(b) Premises Used for Waste Products

This part of the exclusion deals with the handling, treatment and disposal of waste. Any pollution at a waste disposal or treatment location, such as a landfill, is excluded. 

(a) At or from any premises, site or location that is or was at any time owned or occupied by, or rented or loaned to, any "insured"; 

(a) Insured's Premises

There is no protection for pollution liability arising out of any location the insured owns, rents or occupies, or ever has owned, rented or occupied.

See the two significant exceptions to this otherwise absolute exclusion, in the paragraphs after Paragraph (d) below.

(c) At or from any premises, site or location on which any "insured" or any contractors or subcontractors working directly or indirectly on any "insured's" behalf are performing operations:

(i) To test for, monitor, clean up, remove, contain, treat, detoxify or neutralize, or in any way respond to, or assess the effects of the "pollutants"; or

(ii) If the "pollutants" are brought on or to the premises, site or location in connection with such operations by such "insured", contractor or subcontractor; or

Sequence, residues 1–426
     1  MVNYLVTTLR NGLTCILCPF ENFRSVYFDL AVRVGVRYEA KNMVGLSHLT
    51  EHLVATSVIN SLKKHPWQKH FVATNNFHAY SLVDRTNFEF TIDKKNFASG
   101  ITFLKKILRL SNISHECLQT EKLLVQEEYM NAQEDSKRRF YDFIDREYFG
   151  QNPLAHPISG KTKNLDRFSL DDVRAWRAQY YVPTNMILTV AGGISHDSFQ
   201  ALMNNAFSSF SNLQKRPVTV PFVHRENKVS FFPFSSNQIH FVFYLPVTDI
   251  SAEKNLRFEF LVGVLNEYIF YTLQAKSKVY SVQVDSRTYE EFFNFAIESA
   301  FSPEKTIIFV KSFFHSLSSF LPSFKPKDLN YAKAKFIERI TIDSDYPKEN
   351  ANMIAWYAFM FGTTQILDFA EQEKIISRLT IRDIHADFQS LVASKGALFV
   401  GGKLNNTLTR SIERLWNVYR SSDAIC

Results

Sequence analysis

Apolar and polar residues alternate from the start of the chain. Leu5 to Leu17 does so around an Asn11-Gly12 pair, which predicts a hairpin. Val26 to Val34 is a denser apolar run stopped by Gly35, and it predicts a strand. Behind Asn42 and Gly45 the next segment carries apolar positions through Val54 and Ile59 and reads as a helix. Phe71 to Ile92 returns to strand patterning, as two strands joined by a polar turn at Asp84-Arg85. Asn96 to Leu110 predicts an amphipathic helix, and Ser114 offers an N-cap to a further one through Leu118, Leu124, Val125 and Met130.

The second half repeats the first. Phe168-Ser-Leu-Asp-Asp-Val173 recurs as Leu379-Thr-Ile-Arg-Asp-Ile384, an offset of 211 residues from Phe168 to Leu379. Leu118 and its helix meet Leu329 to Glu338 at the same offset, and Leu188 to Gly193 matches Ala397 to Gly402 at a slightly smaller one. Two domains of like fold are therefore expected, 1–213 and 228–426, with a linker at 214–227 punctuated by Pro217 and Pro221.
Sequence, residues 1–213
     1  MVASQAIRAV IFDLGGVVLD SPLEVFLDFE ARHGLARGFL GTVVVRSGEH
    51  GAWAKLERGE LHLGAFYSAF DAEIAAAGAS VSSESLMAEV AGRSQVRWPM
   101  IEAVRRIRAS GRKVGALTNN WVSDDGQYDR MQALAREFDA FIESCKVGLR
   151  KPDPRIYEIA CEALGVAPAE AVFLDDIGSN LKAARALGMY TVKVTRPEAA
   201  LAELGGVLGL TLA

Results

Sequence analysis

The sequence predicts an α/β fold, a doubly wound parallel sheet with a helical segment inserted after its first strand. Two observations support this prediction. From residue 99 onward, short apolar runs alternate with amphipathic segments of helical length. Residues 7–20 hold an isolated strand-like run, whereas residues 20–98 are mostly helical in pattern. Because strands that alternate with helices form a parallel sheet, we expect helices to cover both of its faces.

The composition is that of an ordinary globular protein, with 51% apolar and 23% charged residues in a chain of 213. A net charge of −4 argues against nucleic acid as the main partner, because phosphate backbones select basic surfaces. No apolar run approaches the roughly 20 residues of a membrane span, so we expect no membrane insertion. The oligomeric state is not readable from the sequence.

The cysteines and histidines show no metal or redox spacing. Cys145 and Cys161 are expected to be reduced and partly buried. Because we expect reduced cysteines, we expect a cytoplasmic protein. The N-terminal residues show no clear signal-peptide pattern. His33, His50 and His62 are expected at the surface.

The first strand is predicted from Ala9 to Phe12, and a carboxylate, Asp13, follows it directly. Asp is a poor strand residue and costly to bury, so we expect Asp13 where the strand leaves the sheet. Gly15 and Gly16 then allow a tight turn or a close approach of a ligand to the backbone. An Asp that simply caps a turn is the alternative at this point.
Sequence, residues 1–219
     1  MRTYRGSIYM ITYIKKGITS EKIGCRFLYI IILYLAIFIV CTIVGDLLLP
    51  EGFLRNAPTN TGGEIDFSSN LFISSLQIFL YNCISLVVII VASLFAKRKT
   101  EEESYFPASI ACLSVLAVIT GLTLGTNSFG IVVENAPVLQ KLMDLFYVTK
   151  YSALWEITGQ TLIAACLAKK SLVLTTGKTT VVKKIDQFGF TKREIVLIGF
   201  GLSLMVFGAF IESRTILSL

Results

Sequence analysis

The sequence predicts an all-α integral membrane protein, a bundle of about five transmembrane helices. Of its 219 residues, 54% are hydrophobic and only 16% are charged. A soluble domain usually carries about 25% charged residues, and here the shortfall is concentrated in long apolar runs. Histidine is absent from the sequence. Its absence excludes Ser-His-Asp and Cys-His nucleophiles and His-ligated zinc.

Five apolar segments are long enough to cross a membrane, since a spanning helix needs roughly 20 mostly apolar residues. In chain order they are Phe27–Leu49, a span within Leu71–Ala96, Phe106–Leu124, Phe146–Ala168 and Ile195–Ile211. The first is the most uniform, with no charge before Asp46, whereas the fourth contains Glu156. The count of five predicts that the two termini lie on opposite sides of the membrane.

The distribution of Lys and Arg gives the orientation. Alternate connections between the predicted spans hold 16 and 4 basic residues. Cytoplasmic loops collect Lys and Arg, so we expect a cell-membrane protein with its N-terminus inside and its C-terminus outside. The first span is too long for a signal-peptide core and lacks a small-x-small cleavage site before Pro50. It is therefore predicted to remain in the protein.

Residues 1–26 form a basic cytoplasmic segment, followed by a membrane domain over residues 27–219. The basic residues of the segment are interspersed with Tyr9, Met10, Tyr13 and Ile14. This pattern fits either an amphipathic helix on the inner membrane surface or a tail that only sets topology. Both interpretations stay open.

(d) Activities at Other Premises

This addresses work sites away from the insured's premises.

In Paragraph (i), there is no coverage if the insured or others working on the insured’s behalf are testing for or remediating pollution.

In Paragraph (ii), there is no coverage if the insured or others working on the insured’s behalf cause the release of a pollutant that has been brought to the premises. Protection is afforded if the pollutant is already at the job site.

See the two significant exceptions to Paragraph (c)(ii) of this otherwise absolute exclusion, in the paragraphs after Paragraph (d) below.

(d) That are or were at any time transported, handled, stored, treated, disposed of, or processed as waste by or for any "insured" or any person or organization for whom you may be legally responsible. 

Pollution arising out of waste products of the insured (such as waste oil for recycling) and wastes of others handled by the insured is excluded.

Exceptions to the Pollution Exclusion

Paragraphs (1)(a) and (1)(c)(ii) do not apply to "bodily injury" or "property damage" arising out of heat, smoke or fumes from a hostile fire. A hostile fire means one that becomes uncontrollable, or breaks out from where it was intended to be.